Notice that both of these approaches are in the first person singular – I – not in the first person plural – we. Don’t seek protection in numbers for this conversation. Be brave and be compassionate. Accept their answer – whatever it is – and continue to treat them with love and acceptance. If they tell you to go suck an egg, then leave it alone. It’s their life, their choice. And you can’t make people want what you want them to want. If they are open to your overture, then follow through. If they need a phone call a day to help, then make it. If you said you were going to walk, then walk.

I don’t know a single overweight or obese person who is completely comfortable in their skin. I’m sure they exist. I just don’t know any of them. Most of us hate how we feel. We hate how we look. We really hate shopping for clothes. And we hate that we don’t seem to have the power to control ourselves enough to change the situation. Most of us try and we fail. Then we try again and we fail again. And rather than every failure strengthening our resolve, it reinforces that negative loop that we are failures, that we can’t do anything right.

It’s the new year and new decade – time for all those resolutions we rarely keep. I am making only these resolutions this year and I mentioned them yesterday:

  • Always acknowledge my blessings.
  • Seek not only knowledge but also wisdom.
  • Be honest, but show compassion – to others and to myself, as well.
  • Love people (including myself) the way I claim to.
  • And watch a second season of Henry Cavill in anything.

Amen.

 

Happy New Year, Loki.

(You jerk.)

Loki with a fishing net
A Norse mythology image from the 18th-century Icelandic manuscript “SÁM 66”, now in the care of the Árni Magnússon Institute in Iceland. Image uploaded from http://www.sagnanet.is and turned, cropped and color-corrected with The GIMP Version 1.2.3.

In early December, I told a group of friends that the worst thing that had happened to me in 2019 was that I lost a few vacation days. In my mind, I was displaying gratitude that my year had been so good. I thought I said “thank you” to the universe; but, Loki heard me say, “Loki, son of Leufey (Norse gods always hear insults as mentioning their fathers) eat dirt! Nanny-nanny-boo-boo!” So Loki turned to Baldr and said, “Hold my mead.”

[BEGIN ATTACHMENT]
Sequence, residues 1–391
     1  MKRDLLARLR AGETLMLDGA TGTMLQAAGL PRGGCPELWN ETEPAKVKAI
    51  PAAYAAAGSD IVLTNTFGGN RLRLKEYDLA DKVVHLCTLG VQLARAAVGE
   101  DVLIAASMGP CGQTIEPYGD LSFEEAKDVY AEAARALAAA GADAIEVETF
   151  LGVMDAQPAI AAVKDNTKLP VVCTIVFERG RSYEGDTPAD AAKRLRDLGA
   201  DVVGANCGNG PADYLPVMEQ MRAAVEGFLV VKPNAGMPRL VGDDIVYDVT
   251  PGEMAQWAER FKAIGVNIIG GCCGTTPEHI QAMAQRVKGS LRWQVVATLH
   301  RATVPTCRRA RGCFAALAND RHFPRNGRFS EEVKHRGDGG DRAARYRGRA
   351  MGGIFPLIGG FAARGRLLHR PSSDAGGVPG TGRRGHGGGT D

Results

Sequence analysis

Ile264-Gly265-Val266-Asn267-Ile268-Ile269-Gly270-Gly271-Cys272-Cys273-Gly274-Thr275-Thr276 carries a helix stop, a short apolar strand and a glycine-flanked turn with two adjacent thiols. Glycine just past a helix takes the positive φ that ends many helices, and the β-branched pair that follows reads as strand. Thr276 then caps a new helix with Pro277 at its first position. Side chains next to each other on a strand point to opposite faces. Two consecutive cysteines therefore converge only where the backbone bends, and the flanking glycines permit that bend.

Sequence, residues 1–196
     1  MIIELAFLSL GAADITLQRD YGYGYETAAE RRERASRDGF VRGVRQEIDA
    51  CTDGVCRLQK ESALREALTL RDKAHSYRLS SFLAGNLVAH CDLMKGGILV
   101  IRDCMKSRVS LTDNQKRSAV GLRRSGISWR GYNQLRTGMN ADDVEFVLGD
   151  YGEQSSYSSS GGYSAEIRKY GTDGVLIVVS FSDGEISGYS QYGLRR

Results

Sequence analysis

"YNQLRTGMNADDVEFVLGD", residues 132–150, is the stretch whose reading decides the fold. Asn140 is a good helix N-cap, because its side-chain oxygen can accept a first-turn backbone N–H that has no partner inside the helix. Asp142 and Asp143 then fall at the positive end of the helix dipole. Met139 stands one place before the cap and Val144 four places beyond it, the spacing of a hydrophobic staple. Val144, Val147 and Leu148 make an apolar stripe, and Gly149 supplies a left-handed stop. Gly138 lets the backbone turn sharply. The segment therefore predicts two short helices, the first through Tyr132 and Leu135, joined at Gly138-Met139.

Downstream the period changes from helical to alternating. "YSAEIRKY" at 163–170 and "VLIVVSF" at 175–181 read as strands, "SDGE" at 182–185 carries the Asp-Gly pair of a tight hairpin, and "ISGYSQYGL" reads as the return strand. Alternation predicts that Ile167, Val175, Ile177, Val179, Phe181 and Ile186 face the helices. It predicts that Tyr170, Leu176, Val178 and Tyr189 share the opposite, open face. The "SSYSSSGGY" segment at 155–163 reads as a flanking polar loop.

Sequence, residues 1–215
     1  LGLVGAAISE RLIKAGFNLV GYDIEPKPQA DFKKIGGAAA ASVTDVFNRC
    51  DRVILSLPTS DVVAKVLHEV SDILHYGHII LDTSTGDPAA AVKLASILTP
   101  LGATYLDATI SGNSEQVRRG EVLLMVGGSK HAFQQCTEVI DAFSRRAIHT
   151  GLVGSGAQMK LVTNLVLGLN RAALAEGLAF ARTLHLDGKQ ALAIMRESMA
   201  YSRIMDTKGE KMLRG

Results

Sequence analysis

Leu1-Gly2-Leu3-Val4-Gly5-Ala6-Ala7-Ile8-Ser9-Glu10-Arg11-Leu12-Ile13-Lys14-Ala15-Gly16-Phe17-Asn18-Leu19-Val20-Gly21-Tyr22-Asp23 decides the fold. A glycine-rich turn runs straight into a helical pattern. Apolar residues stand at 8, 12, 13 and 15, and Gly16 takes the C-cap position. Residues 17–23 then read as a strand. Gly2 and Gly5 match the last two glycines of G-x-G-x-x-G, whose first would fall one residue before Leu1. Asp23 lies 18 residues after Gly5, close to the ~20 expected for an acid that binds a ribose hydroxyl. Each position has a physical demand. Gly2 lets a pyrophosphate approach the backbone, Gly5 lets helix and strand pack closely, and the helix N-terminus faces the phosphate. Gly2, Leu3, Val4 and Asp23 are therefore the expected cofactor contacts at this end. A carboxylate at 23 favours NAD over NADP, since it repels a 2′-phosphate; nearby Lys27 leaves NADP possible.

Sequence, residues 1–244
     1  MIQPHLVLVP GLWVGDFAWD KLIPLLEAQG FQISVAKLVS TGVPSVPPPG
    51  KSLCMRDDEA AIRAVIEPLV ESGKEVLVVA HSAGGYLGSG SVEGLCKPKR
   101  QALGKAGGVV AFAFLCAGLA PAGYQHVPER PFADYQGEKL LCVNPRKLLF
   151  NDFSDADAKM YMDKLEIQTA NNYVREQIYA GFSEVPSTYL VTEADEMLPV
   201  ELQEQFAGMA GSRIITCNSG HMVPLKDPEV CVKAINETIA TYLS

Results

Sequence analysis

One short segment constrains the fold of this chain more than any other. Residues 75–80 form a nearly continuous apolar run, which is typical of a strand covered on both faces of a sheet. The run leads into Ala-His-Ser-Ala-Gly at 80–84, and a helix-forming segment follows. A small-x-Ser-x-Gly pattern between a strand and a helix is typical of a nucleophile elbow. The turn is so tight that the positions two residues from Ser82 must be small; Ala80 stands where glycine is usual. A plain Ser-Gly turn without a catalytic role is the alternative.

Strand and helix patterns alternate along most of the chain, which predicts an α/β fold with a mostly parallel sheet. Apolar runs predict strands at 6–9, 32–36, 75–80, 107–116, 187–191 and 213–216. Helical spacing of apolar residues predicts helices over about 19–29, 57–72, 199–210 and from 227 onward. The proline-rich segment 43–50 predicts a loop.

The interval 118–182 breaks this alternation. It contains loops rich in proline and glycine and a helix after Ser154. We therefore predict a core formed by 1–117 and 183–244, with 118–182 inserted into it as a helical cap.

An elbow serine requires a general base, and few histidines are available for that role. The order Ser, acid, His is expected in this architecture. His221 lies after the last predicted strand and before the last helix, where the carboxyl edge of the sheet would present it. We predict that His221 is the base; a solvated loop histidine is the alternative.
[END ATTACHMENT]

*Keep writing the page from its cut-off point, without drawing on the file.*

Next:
Within two weeks of my pronouncement, my roof was leaking, I found out that my son could not come to visit at Christmas, I had a cold, and my dog died. Seriously?!

To say that I was thrown for a loop would be an understatement. I cried for several days over my first Christmas apart from my son. Then, I cried for several more days over my Ellie girl who was geriatric but apparently perfectly healthy on Saturday and dead by Thursday because she seemed to just decide that she was done and she refused to eat. The truth is that although I’ve been feeling sorry for myself for a couple of weeks, to pretend that I am not enormously fortunate would be disingenuous, at best.

I am an educated, white woman living in the United States; so, I enjoy safety and privileges I have not earned.  No bombers are dropping ordinance in my comfortable neighborhood. I have not been accused of any crimes that I have not committed. I have a wonderful job that pays me enough to own my home and enjoy the luxury of pets. Although I’m sure there are people who wouldn’t piss on me if I was on fire, I have family and friends aplenty who love me. The truth is that, like so many of us living in industrialized nations, I have no real complaints – regardless of what advertisers tell me. (Except perhaps that I am idiotic enough to tempt Loki AGAIN.)

Here are wishes for myself and for others who are as fortunate as I:

  • May we always acknowledge our blessings.
  • May we seek not only knowledge but also wisdom.
  • May we be honest, yet compassionate.
  • May we love others the way we say we do, and
  • May Netflix give us another season of Henry Cavill in, well, anything.

Amen.

Object Permanence and Animal Rescue

Why I suck at fostering animals.

Object permanence is typically acquired when human infants are between four and seven months old. At this point, the baby understands that, although she can’t see something, that thing is still there.

I think I may have been absent that day.

Just before Christmas, I arrived home one day to see a new cat peering at me from the vent to the crawl space under my house that the ferals keep knocking out. It looked like a pretty small cat – likely female and less than a year old. It had a pretty little blue and white face and, when it turned, I could see that it had no tail. I thought I’d call it Bob. Except that everyone has a bobtailed cat named Bob, right? So, I called it Les instead.

As you know, I have a feral colony around my house that I have fed for several years. Our Mommie and Twin have been with me for six years now while other cats have appeared and disappeared over time. I see strange kitties on the regular, but I don’t see most of them for very long. Fast forward a couple of weeks. Les was hanging out beside the house when I got home. It meowed at me and I meowed back. That baby lit out at a run towards my feet! “You speak the language!” it seemed to say. Anyway, long story short, it was isolated in the house that night. Turned out, it was a she. I posted her photo all over the place and took her to a local facility to check for a chip. No joy; however, the lady that scanned her had just lost her 14-year-old cat and said that she would take Les if we couldn’t find her people and if she wasn’t pregnant. Several days later, we had her spayed, vaccinated and tested for kitty leukemia and kitty AIDS. (Both tests were negative.) With a clean bill of health, the lady confirmed that she still wanted Les and the dread began to build in my chest.